Examining how and where these premises hold up can provide tangible insights into building an American economy that works for everyone.
The beginning of a new era in place-based politics
The BBBRC is the Biden administration’s first major territorial economic policy, but it is not the only one. These other national “bets” on particular industries in particular locations can learn from and inform the EDA program:
- The National Science Foundation Regional drivers of innovation will make up to $160 million available for regional innovation strategies.
- Under the Infrastructure Investment and Jobs Act, the Department of Energy launched an $8 billion program to catalyze at least four regional clean hydrogen hubs.
- The recent passage of CHIPS and scientific law saw Congress commit $11 billion to place-based policy through the $10 billion Regional Technology Centers program and the $1 billion RECOPETE pilot program.
By our estimates, the BBBRC will provide critical lessons for the design and execution of more than $20 billion in such programs – and likely more, given the recent passage of the Cut Inflation Act. .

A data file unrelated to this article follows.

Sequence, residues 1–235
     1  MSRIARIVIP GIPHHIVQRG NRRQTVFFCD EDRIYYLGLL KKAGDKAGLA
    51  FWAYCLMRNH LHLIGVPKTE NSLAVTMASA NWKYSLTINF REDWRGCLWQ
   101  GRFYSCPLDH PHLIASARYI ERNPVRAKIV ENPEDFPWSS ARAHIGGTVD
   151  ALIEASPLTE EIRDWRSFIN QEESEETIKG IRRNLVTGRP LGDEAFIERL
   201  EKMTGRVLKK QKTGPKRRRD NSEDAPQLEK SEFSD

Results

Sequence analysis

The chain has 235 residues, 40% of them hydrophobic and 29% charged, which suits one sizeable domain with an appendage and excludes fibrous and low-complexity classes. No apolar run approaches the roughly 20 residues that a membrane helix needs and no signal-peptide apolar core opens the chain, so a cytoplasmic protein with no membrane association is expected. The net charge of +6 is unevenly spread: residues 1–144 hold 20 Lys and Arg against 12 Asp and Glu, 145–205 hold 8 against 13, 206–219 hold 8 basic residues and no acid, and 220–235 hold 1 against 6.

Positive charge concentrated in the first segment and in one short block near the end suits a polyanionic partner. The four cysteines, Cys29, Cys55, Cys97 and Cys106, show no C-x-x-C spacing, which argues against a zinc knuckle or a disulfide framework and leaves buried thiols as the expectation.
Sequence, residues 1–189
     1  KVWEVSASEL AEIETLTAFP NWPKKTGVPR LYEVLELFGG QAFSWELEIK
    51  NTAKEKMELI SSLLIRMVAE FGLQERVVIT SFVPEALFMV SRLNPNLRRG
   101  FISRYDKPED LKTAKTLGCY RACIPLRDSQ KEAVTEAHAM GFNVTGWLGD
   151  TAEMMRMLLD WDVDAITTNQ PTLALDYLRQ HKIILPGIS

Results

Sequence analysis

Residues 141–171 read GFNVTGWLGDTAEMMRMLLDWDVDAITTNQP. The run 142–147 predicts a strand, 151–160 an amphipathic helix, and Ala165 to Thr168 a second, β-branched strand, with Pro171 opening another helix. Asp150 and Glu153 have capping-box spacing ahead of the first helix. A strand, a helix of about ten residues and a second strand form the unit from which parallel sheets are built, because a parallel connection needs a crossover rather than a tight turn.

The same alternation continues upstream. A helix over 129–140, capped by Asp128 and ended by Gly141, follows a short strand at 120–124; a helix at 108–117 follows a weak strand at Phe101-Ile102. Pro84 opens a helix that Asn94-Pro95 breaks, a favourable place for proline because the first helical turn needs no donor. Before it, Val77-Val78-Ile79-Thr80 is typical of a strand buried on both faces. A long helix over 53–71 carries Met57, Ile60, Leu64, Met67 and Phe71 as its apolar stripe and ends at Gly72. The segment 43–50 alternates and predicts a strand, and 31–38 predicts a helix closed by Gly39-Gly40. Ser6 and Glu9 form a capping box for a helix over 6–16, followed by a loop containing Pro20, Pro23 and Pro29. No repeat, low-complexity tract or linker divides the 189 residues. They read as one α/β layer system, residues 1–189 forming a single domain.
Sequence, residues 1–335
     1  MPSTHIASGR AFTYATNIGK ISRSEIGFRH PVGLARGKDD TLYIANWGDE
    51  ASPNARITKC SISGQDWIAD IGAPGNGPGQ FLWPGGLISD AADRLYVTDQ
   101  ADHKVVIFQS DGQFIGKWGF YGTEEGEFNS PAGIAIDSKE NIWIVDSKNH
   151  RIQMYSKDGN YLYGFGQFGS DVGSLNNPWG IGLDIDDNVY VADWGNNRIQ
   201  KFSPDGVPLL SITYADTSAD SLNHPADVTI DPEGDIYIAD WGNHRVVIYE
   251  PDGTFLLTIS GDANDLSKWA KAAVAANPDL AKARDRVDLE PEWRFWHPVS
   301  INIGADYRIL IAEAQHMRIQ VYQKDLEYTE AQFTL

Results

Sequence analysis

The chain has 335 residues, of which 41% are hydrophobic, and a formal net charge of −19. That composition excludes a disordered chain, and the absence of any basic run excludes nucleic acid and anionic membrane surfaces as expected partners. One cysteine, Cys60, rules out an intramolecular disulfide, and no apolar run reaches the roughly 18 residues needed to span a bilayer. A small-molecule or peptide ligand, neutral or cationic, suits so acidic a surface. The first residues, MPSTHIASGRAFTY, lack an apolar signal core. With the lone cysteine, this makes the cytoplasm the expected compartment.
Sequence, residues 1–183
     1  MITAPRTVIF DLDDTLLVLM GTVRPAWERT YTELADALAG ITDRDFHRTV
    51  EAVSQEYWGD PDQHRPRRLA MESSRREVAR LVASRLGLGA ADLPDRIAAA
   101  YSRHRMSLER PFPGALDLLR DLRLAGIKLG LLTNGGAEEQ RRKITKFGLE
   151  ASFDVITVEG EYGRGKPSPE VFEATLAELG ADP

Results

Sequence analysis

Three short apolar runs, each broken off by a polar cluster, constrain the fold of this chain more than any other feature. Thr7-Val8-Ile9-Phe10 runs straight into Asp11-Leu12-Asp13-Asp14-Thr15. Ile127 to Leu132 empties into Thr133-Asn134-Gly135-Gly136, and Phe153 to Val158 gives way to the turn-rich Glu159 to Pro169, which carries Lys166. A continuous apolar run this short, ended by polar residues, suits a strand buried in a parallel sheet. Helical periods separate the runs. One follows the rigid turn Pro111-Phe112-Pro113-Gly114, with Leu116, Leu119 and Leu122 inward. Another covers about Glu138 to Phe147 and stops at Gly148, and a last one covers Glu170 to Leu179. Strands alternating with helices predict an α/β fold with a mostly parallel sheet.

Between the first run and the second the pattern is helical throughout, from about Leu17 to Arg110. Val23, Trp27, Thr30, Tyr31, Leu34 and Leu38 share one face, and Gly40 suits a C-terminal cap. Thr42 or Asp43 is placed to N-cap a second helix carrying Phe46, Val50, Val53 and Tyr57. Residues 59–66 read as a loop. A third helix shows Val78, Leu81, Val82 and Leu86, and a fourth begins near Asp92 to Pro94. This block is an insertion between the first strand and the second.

Together, these programs represent the greatest commitment to territorial economic policy in recent memory. But in his plea for a new American industrial strategy, Brian Deese, director of the National Economic Council, Speak clearly how such an approach requires stronger US federalism: “Most construction will be done by state and local partners. The federal government will need to build its capacity; demand progress rather than inertia; and learn from local innovation.
With that in mind, over the next 18 months, Brookings Metro will partner with the EDA to produce research on the BBBRC program, document the new solutions emerging from it, and analyze what it all means for future public and private action. aimed at shutting down our country. social and spatial divisions.
This blog was prepared by Brookings Metro with federal funding under Economic Development Administration, US Department of Commerce Award ED22HDQ3070081. The statements, findings, conclusions, and recommendations are those of the authors and do not necessarily reflect the views of the Economic Development Administration or the United States Department of Commerce.